China's insurers look forward to easing of restrictions on investment of funds

Heavy regulation still an obstacle despite gradual relaxation of investment rules

PUBLISHED : Monday, 03 February, 2014, 10:52am
UPDATED : Tuesday, 04 February, 2014, 4:46am

Despite Beijing's gradual relaxation of investment caps on various assets for insurance funds, regulatory intervention remains a hindrance to the industry, analysts said.

Nonetheless, they expect regulation to become less heavy-handed and the authorities to grant more liberty for insurers on where to invest the funds they manage.

Further relaxation of investment ratios by itself would not be a significant step, said Barry Man, an insurance sector leader for China at Deloitte Touche Tohmatsu. "Insurers in other markets can invest without limitations in various assets according to their assessments of capital and solvency conditions, but mainland insurers are barred from investing in particular areas," he said.

For instance, mainland insurers were allowed to invest in real estate but barred from residential projects because of the government's concern about speculation in property prices, he said. "This kind of restriction has limited insurers in seeking investment opportunities that offer good returns."

With market forces playing an increasing role in the mainland's financial markets, the China Insurance Regulatory Commission has gradually eased controls since 2012, when it allowed insurers to invest more funds in the capital markets.

The regulator said last month that it was seeking opinions on insurance fund management and considering revising rules on investment ratios.

The move hinted at a further loosening of the caps on insurance funds' investment in various assets, said Wang Xujin, a professor with the Beijing Technology and Business University.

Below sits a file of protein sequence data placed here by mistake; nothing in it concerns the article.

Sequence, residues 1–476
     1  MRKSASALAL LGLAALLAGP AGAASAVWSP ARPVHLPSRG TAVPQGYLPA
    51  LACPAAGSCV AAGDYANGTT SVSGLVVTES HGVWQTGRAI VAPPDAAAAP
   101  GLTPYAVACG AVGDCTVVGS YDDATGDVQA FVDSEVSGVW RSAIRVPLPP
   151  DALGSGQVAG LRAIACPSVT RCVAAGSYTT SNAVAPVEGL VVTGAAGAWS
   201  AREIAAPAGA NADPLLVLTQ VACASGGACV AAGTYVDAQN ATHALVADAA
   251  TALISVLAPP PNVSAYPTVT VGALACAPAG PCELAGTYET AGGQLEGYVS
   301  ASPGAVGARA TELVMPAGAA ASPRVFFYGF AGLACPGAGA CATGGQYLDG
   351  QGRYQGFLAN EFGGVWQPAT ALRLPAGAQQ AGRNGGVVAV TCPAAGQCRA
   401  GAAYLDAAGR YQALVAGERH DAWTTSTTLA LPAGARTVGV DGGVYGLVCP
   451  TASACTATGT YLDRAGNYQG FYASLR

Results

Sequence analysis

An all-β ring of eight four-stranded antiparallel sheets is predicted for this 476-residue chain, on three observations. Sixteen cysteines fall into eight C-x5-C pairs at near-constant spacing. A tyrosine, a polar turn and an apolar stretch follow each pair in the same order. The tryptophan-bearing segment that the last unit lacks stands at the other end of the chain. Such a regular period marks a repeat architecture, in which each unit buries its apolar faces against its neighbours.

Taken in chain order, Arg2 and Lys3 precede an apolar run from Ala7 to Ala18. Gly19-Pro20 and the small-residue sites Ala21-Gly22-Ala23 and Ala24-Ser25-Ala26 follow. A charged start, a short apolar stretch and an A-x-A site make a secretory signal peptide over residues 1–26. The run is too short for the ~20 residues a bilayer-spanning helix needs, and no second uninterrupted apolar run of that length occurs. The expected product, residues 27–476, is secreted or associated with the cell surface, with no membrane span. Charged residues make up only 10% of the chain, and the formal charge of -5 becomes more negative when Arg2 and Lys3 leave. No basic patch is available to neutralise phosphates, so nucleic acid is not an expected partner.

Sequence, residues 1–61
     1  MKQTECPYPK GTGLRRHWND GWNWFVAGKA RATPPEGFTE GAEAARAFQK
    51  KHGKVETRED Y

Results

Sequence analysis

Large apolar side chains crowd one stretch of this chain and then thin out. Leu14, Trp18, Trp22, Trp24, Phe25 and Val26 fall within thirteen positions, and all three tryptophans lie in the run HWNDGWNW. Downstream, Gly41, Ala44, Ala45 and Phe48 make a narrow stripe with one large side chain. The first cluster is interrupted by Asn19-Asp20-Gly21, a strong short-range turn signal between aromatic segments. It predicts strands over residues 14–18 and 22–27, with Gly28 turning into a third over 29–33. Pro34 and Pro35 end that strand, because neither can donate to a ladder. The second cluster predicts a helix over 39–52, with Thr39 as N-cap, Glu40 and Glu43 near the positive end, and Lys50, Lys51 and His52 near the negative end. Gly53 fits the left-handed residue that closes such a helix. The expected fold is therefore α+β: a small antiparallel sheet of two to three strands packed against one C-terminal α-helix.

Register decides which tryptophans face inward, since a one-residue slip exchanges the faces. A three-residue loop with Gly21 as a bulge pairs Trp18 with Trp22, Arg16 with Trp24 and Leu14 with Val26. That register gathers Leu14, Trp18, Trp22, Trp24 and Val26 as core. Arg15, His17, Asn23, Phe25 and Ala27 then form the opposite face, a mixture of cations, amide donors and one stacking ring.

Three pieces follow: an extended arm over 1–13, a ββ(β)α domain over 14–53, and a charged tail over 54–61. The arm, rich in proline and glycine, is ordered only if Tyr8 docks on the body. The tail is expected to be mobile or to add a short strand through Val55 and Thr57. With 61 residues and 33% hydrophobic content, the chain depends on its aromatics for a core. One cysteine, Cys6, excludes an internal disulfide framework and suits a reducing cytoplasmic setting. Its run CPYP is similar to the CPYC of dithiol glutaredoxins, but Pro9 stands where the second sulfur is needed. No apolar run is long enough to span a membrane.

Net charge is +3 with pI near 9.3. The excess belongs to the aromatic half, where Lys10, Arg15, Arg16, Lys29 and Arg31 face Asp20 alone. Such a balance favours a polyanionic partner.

"For instance, the current 25 per cent cap on the proportion of equity investment to insurers' total assets could be raised to 30 per cent," Wang said.

Mainland insurers are also prohibited from investing more than 20 per cent of their assets in real estate and infrastructure, and a 10 per cent cap is set on private equity and funds.

Considering the investment risks and mainland insurers' prudent investment strategies, they were unlikely to pour a lot of money into the capital or real estate markets even if they were allowed to, Man said.

Shrugging off the relaxation of investment ratios, Rita Xiao, a consultant at pension and investment adviser Stirling Finance, said the strict requirements for regulatory approval remained an obstacle. "Although the caps in investment ratios have been easing, insurers still need to seek the CIRC's approval case by case, while there are no clear rules [on what can be invested in]."

However, as the industry became more market-oriented under the country's financial reforms, Xiao said the regulator would likely unveil more details on areas that insurers were allowed to invest in.

Man also said fine-tuning existing rules to provide more details would give insurers more autonomy over where to invest.

"The investment restrictions due to administrative orders will gradually decrease, so as to allow insurers to invest their funds based on risk assessment and market forces," he said.

The increasing flexibility would encourage insurers to seek opportunities in private equity and infrastructure projects that offer reasonable returns, Man said. "Long-term investment in infrastructure assets can fit insurers' strategies in use of funds, and they can invest in more diversified assets," he said.

 

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